I am in the majority of Peaks Islanders who obey the city of Portland’s leash law. I clean up after my dogs, yet I find myself cleaning up messes left in my yard by other dogs.

I enjoy walking my two small terriers several times a day. With increasing frequency, we encounter dogs running off leash with their owners.

Invariably, these dogs charge us, and things turn ugly. Two years ago my dogs were viciously attacked by an 80-plus-pound dog.

Since then I carry a walking stick to protect my dogs and myself. However, it is difficult to control my dogs and defend all three of us armed with just a stick.

The Peaks police told me that spray is legal, so I just placed an online order for “Jogger Pepper Spray with Hand Strap.”

How sad that I now have to walk my dogs armed with a shillelagh and a can of pepper spray.

That takes the enjoyment out of a walk through the woods and roads of this beautiful island and is certainly not “the way life should be” when there is a leash law.

When I asked the policeman why the leash law is not enforced, an explanation he cited is that the Peaks police have no place to keep the dog(s) if they capture them.

Can’t the city of Portland provide our police with the tools they need (i.e., a few large, collapsible dog crates) so that some attempt can be made to enforce the law?

If the police were to enforce the law more frequently and issue fines, perhaps irresponsible dog owners might take the law seriously.

And I could walk my dogs without arming myself — and only have to clean up after my own dogs.

Courtenay Auger

Peaks Island

Cable company’s broken promises show a real trend

On my recent return to Maine, I was subjected firsthand to the effects of a pro-corporate governor and Legislature in a way that has nationwide implications.

Due to such attitudes, it is no longer necessary for corporations to be concerned about customer satisfaction, loyalty or service. This government will continue its pro-corporate stance, no matter how bad the service, to the detriment of its real clients, the people.

Today, I learned about this firsthand via my cable service installation, or lack thereof. Calling from Florida, I arranged for a service call between 8 a.m. and noon to have my HD box and overall service reinstalled.

Subsequently, I received phone calls explaining why the technician would arrive at 12:30; then “he’s on his way,” “he’s an hour away,” and finally, “I am 20 minutes from you.”

It is now 4 p.m. and a day is wasted.

Dr. Nicholas Karamessinis

New Gloucester

While many lack integrity, there are some who have it

I want to respond to high school student Andrew Soucy’s letter regarding the lack of integrity of the active generation, and how it bears influence on his generation (“Fake SEALs sign of social illness,” May 19).

I observed the same when I was a teenager. We are a country driven by image and success, often at the cost of integrity and the golden rule.

But there are many positive exceptions to look to for inspiration.

Mother Teresa was one of my favorites. She said it was not important to be successful — she said it was more important to be faithful. Her life mirrored those words.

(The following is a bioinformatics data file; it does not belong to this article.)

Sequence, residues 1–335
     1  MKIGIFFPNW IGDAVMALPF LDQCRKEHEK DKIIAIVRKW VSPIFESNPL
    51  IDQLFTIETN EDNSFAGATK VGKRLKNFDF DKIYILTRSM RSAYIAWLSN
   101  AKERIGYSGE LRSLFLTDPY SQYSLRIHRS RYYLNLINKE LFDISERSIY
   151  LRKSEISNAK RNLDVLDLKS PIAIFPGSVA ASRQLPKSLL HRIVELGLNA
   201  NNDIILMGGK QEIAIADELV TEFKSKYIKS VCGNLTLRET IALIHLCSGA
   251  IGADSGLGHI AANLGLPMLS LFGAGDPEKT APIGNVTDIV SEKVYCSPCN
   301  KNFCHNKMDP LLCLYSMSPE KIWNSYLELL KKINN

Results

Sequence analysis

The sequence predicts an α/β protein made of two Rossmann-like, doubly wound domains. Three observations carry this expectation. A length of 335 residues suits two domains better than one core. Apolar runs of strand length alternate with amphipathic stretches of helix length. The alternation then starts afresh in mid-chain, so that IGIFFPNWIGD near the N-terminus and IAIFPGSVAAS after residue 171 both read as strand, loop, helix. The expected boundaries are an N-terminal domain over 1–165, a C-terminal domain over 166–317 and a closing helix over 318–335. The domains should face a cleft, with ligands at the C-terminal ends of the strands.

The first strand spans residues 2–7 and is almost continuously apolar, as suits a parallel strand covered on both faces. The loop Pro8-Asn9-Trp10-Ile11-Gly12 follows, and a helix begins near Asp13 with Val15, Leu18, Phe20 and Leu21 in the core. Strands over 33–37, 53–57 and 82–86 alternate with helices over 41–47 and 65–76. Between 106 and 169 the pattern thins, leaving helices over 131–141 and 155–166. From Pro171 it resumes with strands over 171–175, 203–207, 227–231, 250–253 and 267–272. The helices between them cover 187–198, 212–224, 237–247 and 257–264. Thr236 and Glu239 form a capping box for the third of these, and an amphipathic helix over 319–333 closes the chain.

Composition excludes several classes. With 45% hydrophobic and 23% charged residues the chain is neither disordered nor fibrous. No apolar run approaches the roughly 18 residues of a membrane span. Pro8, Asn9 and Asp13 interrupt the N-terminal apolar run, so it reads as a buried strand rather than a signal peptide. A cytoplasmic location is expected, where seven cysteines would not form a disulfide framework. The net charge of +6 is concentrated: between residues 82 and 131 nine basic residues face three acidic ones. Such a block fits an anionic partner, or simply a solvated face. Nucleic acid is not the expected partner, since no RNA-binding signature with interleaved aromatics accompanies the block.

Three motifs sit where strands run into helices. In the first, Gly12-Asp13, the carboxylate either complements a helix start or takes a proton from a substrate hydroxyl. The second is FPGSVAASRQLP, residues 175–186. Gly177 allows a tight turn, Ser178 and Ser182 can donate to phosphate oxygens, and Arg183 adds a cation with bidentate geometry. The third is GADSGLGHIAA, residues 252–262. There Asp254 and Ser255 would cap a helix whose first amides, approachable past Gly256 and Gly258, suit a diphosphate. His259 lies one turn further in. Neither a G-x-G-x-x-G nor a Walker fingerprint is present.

Knowledge and success are not what make for a worthwhile life. What is important is how we experience it.

I think Andrew Soucy is probably well on his way to being a positive exception. May he inspire other young people to be the same.

Zoe Goody

Cape Elizabeth

Michael Brennan has what it takes to be mayor

I am writing in support of Michael Brennan’s campaign for mayor of Portland.

It has been my privilege to know his family through friendship with his son, and I know Mike to be an honest, genuine guy who cares about effective, responsible government.

He is engaging and fair-minded when talking about politics and has an intelligent grasp of Maine’s legislative culture. He would bring these qualities, as well as his good humor and caring personality, to the office.

Tom Hartwell


House speaker’s actions prove he’s no ‘good Catholic’

Ed Gillespie’s column May 31 attempting to defend House Speaker John Boehner as a “good Catholic” was a sorry effort in citing his priorities as reflecting his Roman Catholicism. Gillespie truly missed the point!

Other than Boehner’s apparent attitude toward abortion, he shows little concern for the social issues for which the Church stands. They include concern for the poor, the widows and the orphans in our country, many of whom need more assistance than charities and social agencies can provide.

And his stance on no new income taxes for those with high incomes repeats his priorities of having more compassion for those who make millions than for those who struggle daily to place food on their tables.

Those are not the social priorities that I find the Church upholding.

William J. Leffler II


Mission to Mars fascinating, but needs on Earth greater

I think this is very fascinating — the idea of humans living on Mars seems like something you would see on a movie depicting the far, far future.

The fact that it actually might happen within 50 years is astounding. But how are we to pay for all of this? And is it really that important to the long-term survival of mankind?

Our economy is not good; unemployment is still high, and a lot of people are still impoverished. Some families in America go to bed hungry and have to skip meals every day.

It’s even worse in third-world countries, where some people go a day or more without having a meal. Diseases are rampant in these countries. Politicians are corrupt, crime is proliferating, and people’s morals are going down the toilet.

With all of these things in mind, shouldn’t we be trying to fix our own planet before venturing off to conquer a new one? I think the survival of our own planet should come before the colonization of another.

Chelsea Marquis

Lisbon Falls